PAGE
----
## Higher or Lower (Solution)

To start, it seems intuitively clear that if the current number is > 0.5, then you should guess “lower”, and otherwise guess “higher”. Let’s just agree that’s optimal.

Let’s call $$z(x)$$ the value of the game if the “current number” (i.e. the last number generated) is $$x$$. Given our symmetric strategy around 0.5, it’s also clear that $$z(\frac{1}{2}+x) = z(\frac{1}{2}-x)$$. To simplify our equations, let’s define $$f(x)$$ as the value of the game if the current number is $$x$$ away from $$\frac{1}{2}$$. In other words, $$z(x) = f(\vert x - \frac{1}{2}\vert)$$. So, if the current number is 1, then the value of this game is $$z(1) = f(\frac{1}{2})$$.

This equation accurately describes the value of the game, for any $$x$$:

$f(x) = \int_{0}^{\frac{1}{2}} (1 + f(y)) dy + \int_{0}^{x} (1 + f(y)) dy \\ f(x) = \int_{0}^{\frac{1}{2}} f(y) dy + \int_{0}^{x} f(y) dy + \frac{1}{2} + x$

But how to solve that… ugh.

Let’s define $$f(x) = g'(x)$$, i.e. $$f(x)$$ is the first derivative of $$g(x)$$. Now we can rewrite our equations:

$g'(x) = g(y) \bigg|_0^{\frac{1}{2}} + g(y) \bigg|_0^x + \frac{1}{2} + x \\ g'(x) = g(\frac{1}{2}) - g(0) + g(x) - g(0) + \frac{1}{2} + x \\ g'(x) = g(x) + x + g(\frac{1}{2}) - 2g(0) + \frac{1}{2}$

Not gonna lie, had to watch some khan academy videos to refresh myself on how to solve linear differential equations. You basically assume the equation is linear, $$g(x) = mx + b$$, and then solve for $$m$$ and $$b$$.

$g(x) = mx + b \\ g'(x) = m = g(x) + x + g(\frac{1}{2}) - 2g(0) + \frac{1}{2} \\ m = g(x) + x + g(\frac{1}{2}) - 2g(0) + \frac{1}{2} \\ m = mx + b + x + g(\frac{1}{2}) - 2g(0) + \frac{1}{2} \\ 0 = x(m+1) + b - m + g(\frac{1}{2}) - 2g(0) + \frac{1}{2}$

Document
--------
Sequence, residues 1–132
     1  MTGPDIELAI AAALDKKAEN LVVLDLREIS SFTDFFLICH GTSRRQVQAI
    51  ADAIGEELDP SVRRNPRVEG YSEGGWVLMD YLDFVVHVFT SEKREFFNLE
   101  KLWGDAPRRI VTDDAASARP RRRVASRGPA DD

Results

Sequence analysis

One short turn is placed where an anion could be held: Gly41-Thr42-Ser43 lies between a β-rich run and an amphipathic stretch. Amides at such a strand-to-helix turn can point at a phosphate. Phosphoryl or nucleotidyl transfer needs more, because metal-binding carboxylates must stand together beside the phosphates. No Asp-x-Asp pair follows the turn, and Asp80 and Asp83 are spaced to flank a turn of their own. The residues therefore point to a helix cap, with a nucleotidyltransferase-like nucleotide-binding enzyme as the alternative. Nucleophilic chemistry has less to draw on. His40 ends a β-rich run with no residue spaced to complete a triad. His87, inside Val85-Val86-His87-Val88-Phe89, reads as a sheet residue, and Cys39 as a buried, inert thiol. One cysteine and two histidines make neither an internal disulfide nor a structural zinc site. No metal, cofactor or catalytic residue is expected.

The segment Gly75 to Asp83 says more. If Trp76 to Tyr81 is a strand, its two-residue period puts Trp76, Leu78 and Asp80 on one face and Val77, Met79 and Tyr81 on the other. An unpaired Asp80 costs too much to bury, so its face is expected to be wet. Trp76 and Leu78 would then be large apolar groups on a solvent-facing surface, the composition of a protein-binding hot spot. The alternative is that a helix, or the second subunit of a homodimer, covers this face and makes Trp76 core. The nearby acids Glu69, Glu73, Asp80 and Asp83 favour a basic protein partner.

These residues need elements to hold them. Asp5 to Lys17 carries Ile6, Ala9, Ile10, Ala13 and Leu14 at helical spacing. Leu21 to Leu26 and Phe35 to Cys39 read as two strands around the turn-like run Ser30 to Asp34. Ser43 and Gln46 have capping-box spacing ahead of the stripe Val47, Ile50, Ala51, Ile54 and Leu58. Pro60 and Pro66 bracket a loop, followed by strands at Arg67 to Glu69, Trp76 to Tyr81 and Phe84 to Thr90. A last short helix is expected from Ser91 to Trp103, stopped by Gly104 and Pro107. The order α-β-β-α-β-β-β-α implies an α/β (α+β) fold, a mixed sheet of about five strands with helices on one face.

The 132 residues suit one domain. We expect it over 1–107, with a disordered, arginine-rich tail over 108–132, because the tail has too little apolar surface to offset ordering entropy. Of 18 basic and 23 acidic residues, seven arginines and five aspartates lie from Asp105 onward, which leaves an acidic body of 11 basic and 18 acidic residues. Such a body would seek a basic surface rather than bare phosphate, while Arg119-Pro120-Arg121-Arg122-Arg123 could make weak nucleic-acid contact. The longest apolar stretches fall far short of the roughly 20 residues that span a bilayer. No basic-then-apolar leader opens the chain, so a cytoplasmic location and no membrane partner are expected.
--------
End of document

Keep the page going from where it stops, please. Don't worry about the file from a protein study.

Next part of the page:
And since $$0$$ is a constant, it can’t depend on $$x$$, meaning that $$m+1 = 0$$ and $$m = -1$$. $$b$$ doesn’t actually matter since I’m only interested in $$f(x)$$, which depends on differences of $$g(x)$$, meaning that the constant part of $$g(x)$$ will always cancel out.

So, we now have this equation:

$g(x) = -x + c_1 \\ g'(x) = -1$

We can plug this into our original equation for $$g(x)$$ to check that it works:

$g'(x) = g(x) + x + c_2 \\ -1 = -x + c_1 + x + c_2 \\ -1 = c_1 + c_2$

Constants aside, it looks good. But wait, there’s one more thing. These linear solutions actually aren’t the only solutions that work. You can add $$c e^{x}$$ and the differential equation for $$g'(x)$$ will still hold as follows:

$g(x) = c_0 e^x - x + c_1 \\ g'(x) = c_0 e^x - 1 \\ g'(x) = g(x) + x + c_2$

Let’s incorporate an additional $$c_0 e^x$$ into our solution for $$g(x)$$.

$g(x) = c_0 e^x + -x + c_1 \\ f(x) = c_0 e^x - 1$

I don’t care about $$c_1$$ because the function I really want is $$f(x) = g'(x)$$ and $$c_1$$ won’t affect $$f(x)$$. But $$c_0$$ will affect $$f(x)$$ so we need to figure that one out.

In order to solve for $$c_0$$ we can use the fact that $$f(\frac{1}{2}) = 2f(0)$$. This is from intuition. If the current number if 0.5, and you guess lower, and you’re right, then - on average - you’re in the same situation as if the current number is 1 and you guess lower. The only difference is that in the 0.5 case, you’re wrong half the time. $$f(\frac{1}{2}) = 2f(0)$$.

$f(x) = c_0 e^x - 1 \\ f(\frac{1}{2}) = 2f(0) \\ c_0 e^{\frac{1}{2}} - 1 = 2(c_0 - 1) \\ c_0 = \frac{-1}{e^{\frac{1}{2}}-2}$

Great, we have $$c_0$$, so let’s finally solve for $$f(x)$$.

$f(x) = c_0 e^x - 1 \\ f(x) = \frac{-1}{e^{\frac{1}{2}}-2} e^x - 1$

Let’s use one last thing from intuition. $$f(0.5)$$ is one more than the value of the game. You can think of it as “you get one freeby, then we’re going to play the game that I originally described”. Knowing this - the value of the game is:

$game = f(0.5) - 1 \\ game = \frac{-1}{e^{\frac{1}{2}}-2} e^{\frac{1}{2}} - 2 \approx 2.7$